Ballycoan: High Points and Low but the Band is Determined to Battle On

The 1980s were a time of struggle and uncertainty for Ballycoan. The band continued to compete in Grade 2 into the early 1980s but there is not much evidence of it making the prize lists and as the decade progressed absences from competitions were more numerous.

Brian Rea continued to work tirelessly to keep the band going. Despite his efforts, by 1985 it had moved down to Grade 3, although appearances in the grade were spasmodic. An RSPBA ‘Pipe Band’ magazine article from the period suggests  that the Troubles, at their height at this time, were having an effect on recruitment because of a reluctance by individuals to travel far from home in dangerous times.

By Gilbert Cromie, Northern Ireland Correspondent

Ballycoan, which, remember, was based in a relatively sparsely populated area, had depended on bringing in outside players to augment their local membership and maintain their standards. Other challenges to recruitment would have come from the creation of new bands such as the McDonald Memorial, the Pipes & Drums of the RUC and NI Prison Staffs PB along with the rise in prominence of a number of other local bands.

Happily, the 1990s saw a resurgence in the band’s fortunes. Brian Rea continued his efforts to rejuvenate things and in the early 1990s he would lead them back to regular action in Grade 3 when from 1991 they were placed in the top four at every competition, including first prizes at the Ulster and European Championships in 1993.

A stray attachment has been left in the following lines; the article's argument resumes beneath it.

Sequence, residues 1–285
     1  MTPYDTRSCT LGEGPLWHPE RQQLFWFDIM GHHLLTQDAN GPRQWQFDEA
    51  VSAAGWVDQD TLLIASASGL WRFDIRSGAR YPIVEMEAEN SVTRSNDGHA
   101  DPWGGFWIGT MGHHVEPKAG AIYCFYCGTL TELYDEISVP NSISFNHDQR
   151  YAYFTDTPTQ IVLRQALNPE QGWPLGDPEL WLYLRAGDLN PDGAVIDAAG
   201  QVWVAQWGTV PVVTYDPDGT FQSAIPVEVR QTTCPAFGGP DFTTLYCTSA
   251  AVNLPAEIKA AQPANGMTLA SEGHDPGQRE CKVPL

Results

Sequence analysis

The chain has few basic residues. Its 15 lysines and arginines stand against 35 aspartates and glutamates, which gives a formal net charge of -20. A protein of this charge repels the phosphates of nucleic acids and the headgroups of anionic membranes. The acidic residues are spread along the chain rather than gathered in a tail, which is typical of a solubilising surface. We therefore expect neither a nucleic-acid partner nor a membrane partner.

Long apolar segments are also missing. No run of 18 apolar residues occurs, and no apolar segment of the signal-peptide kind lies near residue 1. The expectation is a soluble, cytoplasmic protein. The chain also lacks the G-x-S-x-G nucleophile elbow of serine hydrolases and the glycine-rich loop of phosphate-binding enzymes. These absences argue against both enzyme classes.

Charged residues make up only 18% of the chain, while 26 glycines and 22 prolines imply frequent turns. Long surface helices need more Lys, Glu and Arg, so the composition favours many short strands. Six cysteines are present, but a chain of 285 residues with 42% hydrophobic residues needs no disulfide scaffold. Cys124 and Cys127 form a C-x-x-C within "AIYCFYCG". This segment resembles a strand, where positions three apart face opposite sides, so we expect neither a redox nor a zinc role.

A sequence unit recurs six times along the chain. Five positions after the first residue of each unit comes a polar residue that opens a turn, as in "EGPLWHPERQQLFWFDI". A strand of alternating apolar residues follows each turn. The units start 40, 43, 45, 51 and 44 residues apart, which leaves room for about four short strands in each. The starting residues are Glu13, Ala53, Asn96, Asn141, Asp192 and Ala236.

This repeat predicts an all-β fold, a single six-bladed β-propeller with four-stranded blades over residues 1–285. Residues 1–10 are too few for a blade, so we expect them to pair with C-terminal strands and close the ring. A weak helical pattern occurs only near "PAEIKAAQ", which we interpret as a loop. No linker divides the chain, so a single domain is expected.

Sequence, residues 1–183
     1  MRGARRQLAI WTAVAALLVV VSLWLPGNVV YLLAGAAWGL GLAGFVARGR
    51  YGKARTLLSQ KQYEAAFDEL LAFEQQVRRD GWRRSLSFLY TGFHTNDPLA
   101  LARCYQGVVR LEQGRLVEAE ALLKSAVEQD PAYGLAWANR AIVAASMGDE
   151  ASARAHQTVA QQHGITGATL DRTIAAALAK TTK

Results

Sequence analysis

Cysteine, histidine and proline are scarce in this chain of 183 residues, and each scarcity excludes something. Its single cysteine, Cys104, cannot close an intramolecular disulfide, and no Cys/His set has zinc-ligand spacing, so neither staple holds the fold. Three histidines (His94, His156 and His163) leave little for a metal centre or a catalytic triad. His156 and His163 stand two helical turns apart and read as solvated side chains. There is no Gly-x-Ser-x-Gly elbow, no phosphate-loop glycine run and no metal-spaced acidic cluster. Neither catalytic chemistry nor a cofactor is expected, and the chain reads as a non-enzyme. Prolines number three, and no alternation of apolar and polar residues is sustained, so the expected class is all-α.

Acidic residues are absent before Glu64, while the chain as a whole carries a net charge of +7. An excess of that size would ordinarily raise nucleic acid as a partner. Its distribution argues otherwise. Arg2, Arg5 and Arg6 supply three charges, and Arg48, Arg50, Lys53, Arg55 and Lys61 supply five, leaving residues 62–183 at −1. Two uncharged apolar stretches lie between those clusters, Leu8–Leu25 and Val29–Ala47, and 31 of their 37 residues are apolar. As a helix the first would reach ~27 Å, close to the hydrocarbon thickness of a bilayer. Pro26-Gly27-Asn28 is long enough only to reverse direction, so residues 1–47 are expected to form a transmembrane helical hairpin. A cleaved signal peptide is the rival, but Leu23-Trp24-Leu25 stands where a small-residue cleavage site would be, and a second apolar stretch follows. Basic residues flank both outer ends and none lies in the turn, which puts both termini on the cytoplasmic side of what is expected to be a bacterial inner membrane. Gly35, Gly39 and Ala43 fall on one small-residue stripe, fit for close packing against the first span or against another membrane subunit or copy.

A runners-up spot was achieved at the World Championships in 1993, with the drum corps winning the title they had also won in 1991 and 1992. The drummers also won All Ireland titles in 1991 and 1992, Ulster titles in 1992 and 1993, and they were also the NI Champion of Champions in 1993. They also won the drumming at the Cowal in 1991 and 1992. Brian Rea was assisted by Drum Sergeant Mark Armstrong and their efforts led the band to promotion to Grade 2. 

In 1997, after twenty one years as Pipe Major, Brian made the decision to step down handing over the reins to his son Alfie who had returned from a stint with the Field Marshal Montgomery. By 1999 the band had won the Grade 2 Cowal Championships.



The Millennium in 2000 saw a return to the big time. Alfie Rea continued the success that had been achieved throughout the 1990s as the band recruited a number of young players mainly from the NI Piping and Drumming School where his father was, and continues, to be a tutor.

2002 would prove to be a pivotal year in the band’s fortunes as they were crowned Grade 2 All Ireland and Ulster Champions, as well as NI Branch Champion of Champions as a band and drum corps. 

In addition they became one of the few bands to win all five RSPBA major titles (British, Cowal, European – also drums, Scottish and Worlds) in the same season. This gave them a Grade 2 RSPBA Supreme Champion of Champions title and led to their promotion to Grade 1. 

But they were far from finished. On they strode to become the most successful Ballycoan band of all time.

For the next five years Alfie Rea led them to three NI Branch Champion of Champion titles, 2003, 2004 and 2006, while the drum corps under Drum Sergeant Brendan Megoran secured the title in each of the five years from 2003 – 2007. In addition, Alfie guided the band to Grade 1 final qualification on three occasions: 2003, 2005 (first in Qualifier) and 2006.